name so that we keep adding rows as we go through our`for()`

loop.

Finally, the last two lines inside the loop update the compartments of our model before the next iteration (turning time `t+1`

into time `t`

).

At the end of this loop, our `dat`

object will now have two columns and 100 rows.

Now we simply plot it. See `help(matplot)`

for more information. When you do not supply an `x`

argument to `matplot()`

it simply plots each column of the matrix on the y-axis with equal-spaced numbers on the x-axis. The axis labels can be changed by using `xlab`

and `ylab`

. The type of plot is a line plot so we specify `line="l"`

. And we want all the lines to be a solid (`1`

) line so we specify the linetypes by using `lty = 1`

.

The `legend()`

command adds a legend to our current plot in the `"topright"`

corner. We specify the colors as `1:2`

referring to the first column and second column. Similarly, the legend text is in the same order as the columns. The line width is set to 1 using `lwd=1`

.

```
matplot(dat, xlab="time", ylab="number of people", type="l", lty = 1)
legend("topright", col = 1:2, legend = c("no headache","headache"), lwd=1)
```

It appears very little is happening in our plots after about time 10. We can limit the x-axis using `xlim`

in the `matplot()`

command. This option takes a vector of length two with the first being the lower bound and the second being the upper bound.

dat <- NULL

Letâ€™s try a different set of parameters and see if we can get something more interesting.

```
N_t <- 100000
P_t <- 0
incidence <- 0.075
recovery <- 0.15
timesteps <- 1:100
```

Then letâ€™s clear out the `dat`

object again and re-run our loop.

```
dat <- NULL
for (t in timesteps) {
N_t1 <- N_t - round(incidence*N_t) + round(recovery*P_t)
P_t1 <- P_t + round(incidence*N_t) - round(recovery*P_t)
dat <- rbind(dat, c(N_t1, P_t1))
N_t <- N_t1
P_t <- P_t1
}
```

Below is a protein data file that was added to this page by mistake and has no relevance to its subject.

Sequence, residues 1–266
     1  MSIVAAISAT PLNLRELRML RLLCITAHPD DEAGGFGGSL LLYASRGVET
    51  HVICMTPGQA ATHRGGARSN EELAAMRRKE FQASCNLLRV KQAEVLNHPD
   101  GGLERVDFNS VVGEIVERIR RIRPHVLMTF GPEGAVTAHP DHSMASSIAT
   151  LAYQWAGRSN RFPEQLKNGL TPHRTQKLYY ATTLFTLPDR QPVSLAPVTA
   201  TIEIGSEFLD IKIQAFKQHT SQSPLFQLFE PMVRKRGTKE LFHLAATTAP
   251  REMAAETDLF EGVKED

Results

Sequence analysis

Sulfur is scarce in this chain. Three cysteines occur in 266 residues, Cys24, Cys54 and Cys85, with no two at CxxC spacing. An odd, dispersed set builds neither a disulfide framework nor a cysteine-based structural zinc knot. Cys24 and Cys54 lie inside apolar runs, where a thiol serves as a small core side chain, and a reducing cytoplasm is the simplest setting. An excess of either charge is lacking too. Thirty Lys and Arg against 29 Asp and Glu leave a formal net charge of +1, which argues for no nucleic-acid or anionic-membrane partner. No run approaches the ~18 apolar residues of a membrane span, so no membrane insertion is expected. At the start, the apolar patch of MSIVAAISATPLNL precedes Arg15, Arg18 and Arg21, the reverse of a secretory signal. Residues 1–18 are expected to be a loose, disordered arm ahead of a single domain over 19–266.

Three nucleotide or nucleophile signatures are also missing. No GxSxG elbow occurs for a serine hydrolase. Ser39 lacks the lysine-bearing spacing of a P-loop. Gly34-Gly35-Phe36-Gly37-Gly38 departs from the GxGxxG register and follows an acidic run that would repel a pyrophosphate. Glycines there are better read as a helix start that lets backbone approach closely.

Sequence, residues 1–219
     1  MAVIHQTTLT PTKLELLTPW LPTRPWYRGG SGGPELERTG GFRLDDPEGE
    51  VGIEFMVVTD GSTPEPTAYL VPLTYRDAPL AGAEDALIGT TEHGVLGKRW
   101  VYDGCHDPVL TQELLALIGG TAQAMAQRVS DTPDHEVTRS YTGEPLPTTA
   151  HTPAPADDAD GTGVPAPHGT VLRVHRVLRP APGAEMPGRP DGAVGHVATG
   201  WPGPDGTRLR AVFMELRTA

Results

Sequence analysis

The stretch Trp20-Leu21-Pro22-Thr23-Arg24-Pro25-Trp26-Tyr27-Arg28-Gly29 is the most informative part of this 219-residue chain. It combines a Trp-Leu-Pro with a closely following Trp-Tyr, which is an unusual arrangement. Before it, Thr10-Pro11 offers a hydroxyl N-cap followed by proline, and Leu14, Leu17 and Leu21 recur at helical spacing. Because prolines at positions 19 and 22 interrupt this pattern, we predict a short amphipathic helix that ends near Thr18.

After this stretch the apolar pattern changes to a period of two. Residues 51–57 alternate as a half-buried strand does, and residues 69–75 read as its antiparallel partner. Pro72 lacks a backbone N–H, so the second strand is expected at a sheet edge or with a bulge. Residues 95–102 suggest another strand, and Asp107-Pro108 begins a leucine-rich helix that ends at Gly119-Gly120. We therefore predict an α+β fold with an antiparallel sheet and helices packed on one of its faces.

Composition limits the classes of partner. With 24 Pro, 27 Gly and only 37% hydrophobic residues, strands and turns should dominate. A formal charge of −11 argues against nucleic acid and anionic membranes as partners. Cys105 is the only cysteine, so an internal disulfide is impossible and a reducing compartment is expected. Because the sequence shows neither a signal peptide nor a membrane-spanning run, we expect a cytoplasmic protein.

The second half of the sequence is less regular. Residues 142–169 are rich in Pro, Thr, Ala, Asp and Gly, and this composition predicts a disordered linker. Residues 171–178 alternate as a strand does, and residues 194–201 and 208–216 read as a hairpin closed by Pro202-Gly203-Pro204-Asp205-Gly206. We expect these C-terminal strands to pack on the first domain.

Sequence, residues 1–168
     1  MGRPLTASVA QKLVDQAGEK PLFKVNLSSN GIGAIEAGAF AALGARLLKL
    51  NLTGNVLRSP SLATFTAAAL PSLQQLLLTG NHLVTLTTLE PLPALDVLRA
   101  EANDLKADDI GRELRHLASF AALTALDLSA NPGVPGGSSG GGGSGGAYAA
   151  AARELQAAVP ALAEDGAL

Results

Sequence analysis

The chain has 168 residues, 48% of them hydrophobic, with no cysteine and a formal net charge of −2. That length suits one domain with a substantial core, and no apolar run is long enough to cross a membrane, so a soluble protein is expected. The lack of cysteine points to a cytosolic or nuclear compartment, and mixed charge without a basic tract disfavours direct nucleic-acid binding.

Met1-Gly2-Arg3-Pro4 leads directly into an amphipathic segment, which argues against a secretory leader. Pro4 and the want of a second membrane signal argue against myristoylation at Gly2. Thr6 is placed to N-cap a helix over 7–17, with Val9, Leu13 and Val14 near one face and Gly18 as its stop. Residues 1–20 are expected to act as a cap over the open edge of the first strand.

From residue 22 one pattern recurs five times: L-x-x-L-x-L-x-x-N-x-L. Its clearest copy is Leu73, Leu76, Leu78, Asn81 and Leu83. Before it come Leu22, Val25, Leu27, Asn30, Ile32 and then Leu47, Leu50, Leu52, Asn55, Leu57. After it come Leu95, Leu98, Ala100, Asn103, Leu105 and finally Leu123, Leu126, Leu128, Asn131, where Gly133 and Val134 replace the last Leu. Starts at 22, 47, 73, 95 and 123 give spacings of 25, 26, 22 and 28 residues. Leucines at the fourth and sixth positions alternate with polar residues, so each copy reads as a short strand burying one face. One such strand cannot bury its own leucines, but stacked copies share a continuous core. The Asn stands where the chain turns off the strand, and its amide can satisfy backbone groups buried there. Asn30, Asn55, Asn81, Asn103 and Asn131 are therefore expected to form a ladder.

And plot the results:

```
matplot(dat, xlab="time", ylab="number of people", type="l", lty = 1)
legend("topright", col = 1:2, legend = c("no headache","headache"), lwd=1)
```

Now it looks like something is happening. Try other parameters on your own.

Suppose we are interested in adding births and deaths to our model. Further, assume everybody can have a child, but no children are born with headaches (or affected). Our model would look like this:

\[ \begin{aligned} N_{t+1} &= N_t - \beta N_t + \gamma P_t + bN_t + bP_t - dN_t \\ P_{t+1} &= P_t - \gamma P_t + \beta N_t - dP_t \end{aligned} \]

How would this look in our code? First, we would need some values for `b`

and `d`

:

```
b <- .0001
d <- .0002
```

Letâ€™s also make our timeline longer so we can see the long-term dynamics of adding births and deaths.

`timesteps <- 1:1000`

Then we would need to update our compartments in the `for()`

loop.

```
dat <- NULL
for (t in timesteps) {
N_t1 <- N_t - round(incidence*N_t) + round(recovery*P_t) + b*N_t + b*P_t - d*N_t
P_t1 <- P_t + round(incidence*N_t) - round(recovery*P_t) - d*P_t
dat <- rbind(dat, c(N_t1, P_t1))
N_t <- N_t1
P_t <- P_t1
}
```

And plot the results:

```
matplot(dat, xlab="time", ylab="number of people", type="l", lty = 1)
legend("topright", col = 1:2, legend = c("no headache","headache"), lwd=1)
```